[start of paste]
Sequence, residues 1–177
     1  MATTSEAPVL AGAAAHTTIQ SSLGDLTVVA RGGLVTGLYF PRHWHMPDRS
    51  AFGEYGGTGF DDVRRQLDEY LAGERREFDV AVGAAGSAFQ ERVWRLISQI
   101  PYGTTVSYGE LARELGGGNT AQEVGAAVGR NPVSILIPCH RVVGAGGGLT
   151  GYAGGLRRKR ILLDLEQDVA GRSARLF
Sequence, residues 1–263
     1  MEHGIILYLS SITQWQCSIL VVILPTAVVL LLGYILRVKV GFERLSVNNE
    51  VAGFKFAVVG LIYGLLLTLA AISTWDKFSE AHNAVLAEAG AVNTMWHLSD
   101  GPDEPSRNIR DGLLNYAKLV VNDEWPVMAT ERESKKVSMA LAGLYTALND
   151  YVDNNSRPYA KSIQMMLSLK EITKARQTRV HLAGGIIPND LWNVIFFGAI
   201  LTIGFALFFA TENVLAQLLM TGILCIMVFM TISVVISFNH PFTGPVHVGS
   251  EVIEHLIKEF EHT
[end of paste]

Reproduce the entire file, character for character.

Sequence, residues 1–177
     1  MATTSEAPVL AGAAAHTTIQ SSLGDLTVVA RGGLVTGLYF PRHWHMPDRS
    51  AFGEYGGTGF DDVRRQLDEY LAGERREFDV AVGAAGSAFQ ERVWRLISQI
   101  PYGTTVSYGE LARELGGGNT AQEVGAAVGR NPVSILIPCH RVVGAGGGLT
   151  GYAGGLRRKR ILLDLEQDVA GRSARLF
Sequence, residues 1–263
     1  MEHGIILYLS SITQWQCSIL VVILPTAVVL LLGYILRVKV GFERLSVNNE
    51  VAGFKFAVVG LIYGLLLTLA AISTWDKFSE AHNAVLAEAG AVNTMWHLSD
   101  GPDEPSRNIR DGLLNYAKLV VNDEWPVMAT ERESKKVSMA LAGLYTALND
   151  YVDNNSRPYA KSIQMMLSLK EITKARQTRV HLAGGIIPND LWNVIFFGAI
   201  LTIGFALFFA TENVLAQLLM TGILCIMVFM TISVVISFNH PFTGPVHVGS
   251  EVIEHLIKEF EHT